In The Bold World, we witness a mother reshaping her attitudes and beliefs, as well as those of her community, to meet the needs of her transgender son, Penelope– and opening the minds of everyone in her family who absolutely, unequivocally refused to conform.

As we walk alongside Patterson on her journey, we meet the Southern women who came before her–the mother, grandmothers, and aunts who raised and fortified her, all the while challenging cultural norms and gender expectations. She shares her family’s history–particularly incidents within the Black community around sexism, racism, and civil rights. We learn about her children, who act as a vehicle for Jodie Patterson’s own growth and acceptance of her diverse family, and her experiences as a wife, mother, and, eventually, activist. The result is an intimate portrait and an exquisite study in identity, courage, and love. Patterson’s relentless drive to change the world will resonate with and inspire us all, reflecting our own individual strength and tenacity, our very real fears, and, most of all, our singular ability to transform despite the odds.

My Thoughts:

This book tackles so many things-from race, to gender, to parenting, to motherhood, to diversity, to living black in this world, to feminism…it touches on all of these ideas, and more, without being overwhelming or scattered. Instead, it beautifully shows what living in a society that isn’t necessarily set up for you, is like.  The first half of the book focuses of Jodie’s life and what foundation was set for her to stand upon. She talks about past relationships, what struggles occur for black families and people of color in this world, her relationship with her father, her jobs, the strong, black women that came before her, and how she grew up and became who she is today. It wasn’t an A to B to C sort of life she led (or leads for that matter) and that is beautifully made obvious for the reader. This made her feel relatable-she showed her truth and it was powerful.

The second half of the book is where Jodie focuses on her relationship with her child Penelope and what it is like to raise a child that is transgendered in this world, raise a family with a member that is transgender, and raise a world that loves our differences. I felt a deep sense of determination while reading this book. A determination to make this world a better place for every person living in it.  A determination to have every child feel loved and honored and welcomed in this world, BECAUSE of their differences, not despite of them.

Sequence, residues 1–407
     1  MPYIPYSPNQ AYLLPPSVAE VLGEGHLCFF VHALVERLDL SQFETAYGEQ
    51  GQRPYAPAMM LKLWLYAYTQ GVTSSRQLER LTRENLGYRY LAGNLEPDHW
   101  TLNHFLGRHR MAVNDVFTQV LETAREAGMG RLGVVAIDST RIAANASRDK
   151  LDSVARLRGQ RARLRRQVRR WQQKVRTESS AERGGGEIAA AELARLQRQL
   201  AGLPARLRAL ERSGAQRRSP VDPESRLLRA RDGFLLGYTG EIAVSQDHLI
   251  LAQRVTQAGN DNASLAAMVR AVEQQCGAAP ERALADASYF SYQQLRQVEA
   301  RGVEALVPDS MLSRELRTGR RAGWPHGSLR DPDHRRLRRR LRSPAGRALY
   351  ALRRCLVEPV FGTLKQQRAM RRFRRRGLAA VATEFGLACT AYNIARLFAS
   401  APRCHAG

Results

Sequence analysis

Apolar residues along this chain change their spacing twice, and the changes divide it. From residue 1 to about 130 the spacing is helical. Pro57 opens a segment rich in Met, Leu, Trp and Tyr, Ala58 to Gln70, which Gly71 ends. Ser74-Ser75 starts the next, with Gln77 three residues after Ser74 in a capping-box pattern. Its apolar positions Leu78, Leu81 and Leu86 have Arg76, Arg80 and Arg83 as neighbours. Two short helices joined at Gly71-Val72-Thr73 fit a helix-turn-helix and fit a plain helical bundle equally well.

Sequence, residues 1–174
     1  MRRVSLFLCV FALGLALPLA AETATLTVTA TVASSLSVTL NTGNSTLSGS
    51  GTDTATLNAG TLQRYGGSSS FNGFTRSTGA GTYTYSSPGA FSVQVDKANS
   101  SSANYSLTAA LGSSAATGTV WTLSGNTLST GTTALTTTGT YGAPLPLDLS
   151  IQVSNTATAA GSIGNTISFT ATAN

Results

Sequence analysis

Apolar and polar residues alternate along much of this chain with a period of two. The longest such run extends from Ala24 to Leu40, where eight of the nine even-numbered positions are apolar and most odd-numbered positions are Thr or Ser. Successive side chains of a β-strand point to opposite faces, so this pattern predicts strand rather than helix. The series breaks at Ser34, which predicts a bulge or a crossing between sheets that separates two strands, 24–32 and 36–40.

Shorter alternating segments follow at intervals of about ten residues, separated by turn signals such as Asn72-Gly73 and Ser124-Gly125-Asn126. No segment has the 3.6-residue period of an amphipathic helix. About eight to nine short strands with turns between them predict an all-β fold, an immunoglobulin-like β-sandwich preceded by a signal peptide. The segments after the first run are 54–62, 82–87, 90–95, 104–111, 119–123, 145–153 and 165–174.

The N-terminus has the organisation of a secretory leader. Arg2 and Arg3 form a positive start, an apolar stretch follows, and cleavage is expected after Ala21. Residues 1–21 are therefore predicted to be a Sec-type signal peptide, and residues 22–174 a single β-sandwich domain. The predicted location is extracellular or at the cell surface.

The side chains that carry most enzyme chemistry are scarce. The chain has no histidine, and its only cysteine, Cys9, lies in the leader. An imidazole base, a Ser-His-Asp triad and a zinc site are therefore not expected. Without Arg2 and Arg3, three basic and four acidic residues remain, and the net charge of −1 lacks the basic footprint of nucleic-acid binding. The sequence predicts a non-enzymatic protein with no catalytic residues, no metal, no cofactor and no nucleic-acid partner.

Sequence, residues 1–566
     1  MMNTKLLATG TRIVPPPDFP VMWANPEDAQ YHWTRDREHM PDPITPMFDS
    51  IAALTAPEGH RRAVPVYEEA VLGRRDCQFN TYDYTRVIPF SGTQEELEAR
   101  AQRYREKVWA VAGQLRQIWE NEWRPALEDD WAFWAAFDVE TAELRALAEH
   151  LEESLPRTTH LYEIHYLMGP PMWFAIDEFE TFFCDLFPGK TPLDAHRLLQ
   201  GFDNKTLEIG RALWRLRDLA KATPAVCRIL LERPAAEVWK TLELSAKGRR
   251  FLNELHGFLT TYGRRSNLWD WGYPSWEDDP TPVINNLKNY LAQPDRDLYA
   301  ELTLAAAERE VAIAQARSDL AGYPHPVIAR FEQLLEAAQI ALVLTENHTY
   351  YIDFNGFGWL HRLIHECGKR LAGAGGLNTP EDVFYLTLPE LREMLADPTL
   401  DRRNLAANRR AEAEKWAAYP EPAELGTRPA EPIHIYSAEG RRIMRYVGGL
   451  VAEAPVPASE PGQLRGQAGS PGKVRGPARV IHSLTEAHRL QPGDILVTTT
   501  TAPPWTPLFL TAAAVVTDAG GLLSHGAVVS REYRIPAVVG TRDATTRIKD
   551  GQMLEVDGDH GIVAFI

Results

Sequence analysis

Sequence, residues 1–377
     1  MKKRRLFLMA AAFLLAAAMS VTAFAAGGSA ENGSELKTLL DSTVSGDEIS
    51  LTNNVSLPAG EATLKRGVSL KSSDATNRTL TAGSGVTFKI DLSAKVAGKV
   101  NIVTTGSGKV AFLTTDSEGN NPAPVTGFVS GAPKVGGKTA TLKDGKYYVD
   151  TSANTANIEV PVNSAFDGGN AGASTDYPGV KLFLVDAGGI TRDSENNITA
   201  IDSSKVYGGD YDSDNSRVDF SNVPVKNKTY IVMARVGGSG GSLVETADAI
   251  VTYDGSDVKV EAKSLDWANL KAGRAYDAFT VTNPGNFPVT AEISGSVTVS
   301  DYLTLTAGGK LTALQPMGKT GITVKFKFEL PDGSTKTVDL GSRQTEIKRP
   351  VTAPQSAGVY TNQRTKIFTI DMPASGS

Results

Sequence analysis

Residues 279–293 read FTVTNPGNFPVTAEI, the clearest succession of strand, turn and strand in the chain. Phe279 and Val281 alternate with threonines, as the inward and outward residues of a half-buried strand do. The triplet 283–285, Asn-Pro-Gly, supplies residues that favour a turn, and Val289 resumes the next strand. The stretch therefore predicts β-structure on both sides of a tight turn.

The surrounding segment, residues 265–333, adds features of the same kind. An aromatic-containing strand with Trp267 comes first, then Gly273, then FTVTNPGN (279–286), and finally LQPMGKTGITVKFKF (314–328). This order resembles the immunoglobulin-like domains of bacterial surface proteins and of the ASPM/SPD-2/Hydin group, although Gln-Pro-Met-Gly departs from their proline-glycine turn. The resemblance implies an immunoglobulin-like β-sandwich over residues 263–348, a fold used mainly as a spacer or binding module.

Here’s where this book felt personal to me: In a nutshell, my parents couldn’t accept the fact that their child was gay. They stopped speaking to me the day I came out to them, and it has been the hardest thing that I’ve ever had to deal with in my life so far. This book showed me what it would have been like to have a mother that fought as hard as humanly possible for their child in a world that might not always be accepting. It showed me what it would have been like to have a father that, although he had a lot of questions and may have not felt completely comfortable with this new life that fell into his lap, was ready to put in the work and do his damn best for his child and family. It showed me what it would have been like to have siblings that acknowledge you for what you are, and love you unconditionally. It was the parenting that I could only have hoped for, and just because it didn’t happen in my life, it brought me SO SO much joy and happiness that it does for some others. If we can just spread this way of understanding and truly be an accepting, loving and supportive society to every member-we are 100% guaranteed to live in a better world.

I would highly recommend this book. It’s an important read and exactly what this world needs more of.

bookishfok…read instead.